1. When success is the only acceptable outcome, Little Bets advocates a bold and radical approach in which failure is good,
2. I had worked before then as a venture capital investor, and in that work, I had learned that most successful entrepreneurs don’t begin with brilliant ideas—they discover them.
3. These creators use experimental, iterative, trial-and-error approaches to gradually build up to breakthroughs. Experimental innovators must be persistent and willing to accept failure and setbacks as they work toward their goals.
4. Little Bets is based on the proposition that we can use a lot of little bets and certain creative methods to identify possibilities and build up to great outcomes. At the core of this experimental approach, little bets are concrete actions taken to discover, test, and develop ideas that are achievable and affordable.
5. They begin as creative possibilities that get iterated and refined over time, and they are particularly valuable when trying to navigate amid uncertainty, create something new, or attend to open-ended problems.
6. When we can’t know what’s going to happen, little bets help us learn about the factors that can’t be understood beforehand. The important thing to remember is that while prodigies are exceptionally rare, anyone can use little bets to unlock creative ideas.
7. Fundamental to the little bets approach is that we:
Experiment: Learn by doing. Fail quickly to learn fast. Develop experiments and prototypes to gather insights, identify problems, and build up to creative ideas, like Beethoven did in order to discover new musical styles and forms.
Play: A playful, improvisational, and humorous atmosphere quiets our inhibitions when ideas are incubating or newly hatched, and prevents creative ideas from being snuffed out or prematurely judged.
Immerse: Take time to get out into the world to gather fresh ideas and insights, in order to understand deeper human motivations and desires, and absorb how things work from the ground up.
Define: Use insights gathered throughout the process to define specific problems and needs before solving them, just as the Google founders did when they realized that their library search algorithm could address a much larger problem.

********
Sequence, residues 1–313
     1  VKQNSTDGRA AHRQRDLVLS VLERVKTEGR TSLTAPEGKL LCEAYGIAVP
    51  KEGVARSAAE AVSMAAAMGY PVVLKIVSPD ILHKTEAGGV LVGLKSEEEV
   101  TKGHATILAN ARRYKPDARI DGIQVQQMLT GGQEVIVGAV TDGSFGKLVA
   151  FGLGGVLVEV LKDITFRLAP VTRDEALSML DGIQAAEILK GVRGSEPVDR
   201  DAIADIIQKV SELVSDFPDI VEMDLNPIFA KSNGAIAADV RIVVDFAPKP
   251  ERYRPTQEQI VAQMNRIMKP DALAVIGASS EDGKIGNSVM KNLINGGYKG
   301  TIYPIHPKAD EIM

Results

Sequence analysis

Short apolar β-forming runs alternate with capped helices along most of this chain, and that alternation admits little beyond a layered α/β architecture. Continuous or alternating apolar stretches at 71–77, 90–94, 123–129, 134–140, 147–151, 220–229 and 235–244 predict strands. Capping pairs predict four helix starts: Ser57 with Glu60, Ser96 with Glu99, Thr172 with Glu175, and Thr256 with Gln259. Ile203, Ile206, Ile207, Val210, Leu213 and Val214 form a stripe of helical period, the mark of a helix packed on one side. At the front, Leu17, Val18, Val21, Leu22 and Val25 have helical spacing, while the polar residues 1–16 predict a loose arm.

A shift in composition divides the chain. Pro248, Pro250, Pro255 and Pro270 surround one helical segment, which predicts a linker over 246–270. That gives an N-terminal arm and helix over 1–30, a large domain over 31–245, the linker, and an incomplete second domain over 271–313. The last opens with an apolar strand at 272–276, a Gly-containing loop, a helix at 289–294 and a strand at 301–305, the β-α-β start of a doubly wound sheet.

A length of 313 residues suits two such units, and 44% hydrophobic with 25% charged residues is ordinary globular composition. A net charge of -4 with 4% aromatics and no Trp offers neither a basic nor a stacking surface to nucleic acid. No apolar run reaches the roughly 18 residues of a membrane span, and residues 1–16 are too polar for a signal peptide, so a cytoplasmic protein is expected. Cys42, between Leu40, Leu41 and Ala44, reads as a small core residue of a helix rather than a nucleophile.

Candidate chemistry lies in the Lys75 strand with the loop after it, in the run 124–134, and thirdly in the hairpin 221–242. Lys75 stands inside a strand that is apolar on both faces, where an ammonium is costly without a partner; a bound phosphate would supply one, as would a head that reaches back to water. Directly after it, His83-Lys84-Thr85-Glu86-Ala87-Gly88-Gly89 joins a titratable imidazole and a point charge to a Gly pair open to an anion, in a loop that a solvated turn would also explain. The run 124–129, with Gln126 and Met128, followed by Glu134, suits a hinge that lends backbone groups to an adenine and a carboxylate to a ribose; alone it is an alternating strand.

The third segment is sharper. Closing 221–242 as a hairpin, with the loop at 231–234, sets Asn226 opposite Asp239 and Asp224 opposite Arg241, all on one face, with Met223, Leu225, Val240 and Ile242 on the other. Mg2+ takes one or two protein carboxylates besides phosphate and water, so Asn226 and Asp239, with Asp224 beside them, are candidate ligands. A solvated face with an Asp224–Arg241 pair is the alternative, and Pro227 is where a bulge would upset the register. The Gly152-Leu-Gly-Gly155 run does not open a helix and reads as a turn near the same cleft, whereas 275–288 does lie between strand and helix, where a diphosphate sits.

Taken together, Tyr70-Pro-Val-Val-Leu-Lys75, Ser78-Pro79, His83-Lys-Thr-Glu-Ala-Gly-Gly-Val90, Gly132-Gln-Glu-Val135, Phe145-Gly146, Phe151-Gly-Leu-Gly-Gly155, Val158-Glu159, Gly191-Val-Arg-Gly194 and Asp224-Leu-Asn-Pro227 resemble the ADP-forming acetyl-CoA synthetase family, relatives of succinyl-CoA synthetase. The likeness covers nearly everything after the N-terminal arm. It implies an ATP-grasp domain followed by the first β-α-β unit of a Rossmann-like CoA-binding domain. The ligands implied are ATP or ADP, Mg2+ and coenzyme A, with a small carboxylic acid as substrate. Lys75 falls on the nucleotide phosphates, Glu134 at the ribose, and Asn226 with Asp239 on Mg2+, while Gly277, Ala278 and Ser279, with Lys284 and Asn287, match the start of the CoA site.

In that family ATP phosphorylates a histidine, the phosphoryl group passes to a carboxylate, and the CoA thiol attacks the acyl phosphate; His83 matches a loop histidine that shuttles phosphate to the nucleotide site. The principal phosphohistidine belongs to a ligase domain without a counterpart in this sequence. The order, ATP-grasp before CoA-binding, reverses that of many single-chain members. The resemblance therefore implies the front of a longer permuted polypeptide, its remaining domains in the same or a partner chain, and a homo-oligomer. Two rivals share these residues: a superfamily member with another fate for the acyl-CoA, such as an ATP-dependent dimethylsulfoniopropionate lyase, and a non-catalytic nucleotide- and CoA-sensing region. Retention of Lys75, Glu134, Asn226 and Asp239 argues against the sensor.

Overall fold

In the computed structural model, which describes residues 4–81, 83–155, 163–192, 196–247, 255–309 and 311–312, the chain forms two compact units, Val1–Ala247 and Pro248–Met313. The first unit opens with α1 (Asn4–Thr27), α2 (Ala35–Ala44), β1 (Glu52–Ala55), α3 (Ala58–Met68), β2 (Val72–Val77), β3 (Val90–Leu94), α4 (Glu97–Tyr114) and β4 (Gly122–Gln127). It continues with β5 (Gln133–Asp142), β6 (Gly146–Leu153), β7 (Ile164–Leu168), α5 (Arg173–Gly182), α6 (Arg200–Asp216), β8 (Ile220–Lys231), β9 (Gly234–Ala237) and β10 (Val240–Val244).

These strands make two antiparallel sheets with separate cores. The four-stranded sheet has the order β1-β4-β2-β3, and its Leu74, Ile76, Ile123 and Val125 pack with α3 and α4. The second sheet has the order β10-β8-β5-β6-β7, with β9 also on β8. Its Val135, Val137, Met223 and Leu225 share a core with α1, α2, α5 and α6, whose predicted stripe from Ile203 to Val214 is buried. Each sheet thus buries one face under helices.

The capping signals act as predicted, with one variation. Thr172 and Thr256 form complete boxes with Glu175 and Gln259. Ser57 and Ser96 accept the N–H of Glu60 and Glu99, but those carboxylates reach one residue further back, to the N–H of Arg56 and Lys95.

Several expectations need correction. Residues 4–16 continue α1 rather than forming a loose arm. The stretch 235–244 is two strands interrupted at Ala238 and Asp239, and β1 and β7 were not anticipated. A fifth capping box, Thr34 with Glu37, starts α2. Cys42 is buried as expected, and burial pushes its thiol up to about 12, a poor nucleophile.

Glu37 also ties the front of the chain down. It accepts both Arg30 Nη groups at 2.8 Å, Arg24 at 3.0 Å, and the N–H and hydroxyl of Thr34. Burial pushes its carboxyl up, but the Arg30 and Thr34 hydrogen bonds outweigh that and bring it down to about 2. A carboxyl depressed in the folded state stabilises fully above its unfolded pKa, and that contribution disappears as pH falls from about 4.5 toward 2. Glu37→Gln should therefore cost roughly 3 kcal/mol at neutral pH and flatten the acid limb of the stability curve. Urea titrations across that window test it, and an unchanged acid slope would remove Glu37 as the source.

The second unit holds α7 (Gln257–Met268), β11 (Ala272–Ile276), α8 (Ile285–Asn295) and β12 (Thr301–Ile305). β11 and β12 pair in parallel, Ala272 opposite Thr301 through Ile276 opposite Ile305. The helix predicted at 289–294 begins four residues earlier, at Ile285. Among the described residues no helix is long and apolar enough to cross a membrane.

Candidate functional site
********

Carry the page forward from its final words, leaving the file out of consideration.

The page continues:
Reorient: Be flexible in pursuit of larger goals and aspirations, making making good use of small wins to make necessary pivots and chart the course to completion.
Iterate: Repeat, refine, and test frequently armed with better insights, information, and assumptions as time goes on, as Chris Rock does to perfect his act.
8. Two fundamental advantages of the little bets approach are highlighted in the research of Professor Saras Sarasvathy: that it enables us to focus on what we can afford to lose rather than make assumptions about how much we can expect to gain, and that it facilitates the development of means as we progress with an idea.
9. Seasoned entrepreneurs, she emphasizes, will tend to determine in advance what they are willing to lose, rather than calculating expected gains.
10. Of course the subject of affordable losses highlights a key issue with the little bets approach—it inevitably involves failure.
11. In almost any attempt to create, failure, and often a good deal of it, is to be expected.
12. Hewlett’s approach to identifying new opportunities using small bets did not come without numerous failures. In 1971, HP featured over 1,600 products in its catalog, none of which averaged sales of more than ten units per day, according to Chuck House. In fact, Hewlett estimated that roughly only six out of every 100 new HP products would become breakout successes.
13. By advocating the little bets approach, I am in no way arguing against bold ambition. Ambitious (dare I employ the overused word audacious) goals are essential.
14. A big vision provides the direction and inspiration through which to channel aspirations and ideas. But one of the most important lessons of the study of experimental innovators is that they are not rigid in pursuit of that vision, and that they persevere through failures, often many of them.
15. Central to Pixar’s success in fostering this growth mind-set through the ranks is the company’s attitude about failure. Pixar’s managers see a host of failures, false starts, and problems as the modus operandi for developing their films. In fact, when Ed Catmull sums up Pixar’s creative process, he describes it as going from suck to nonsuck.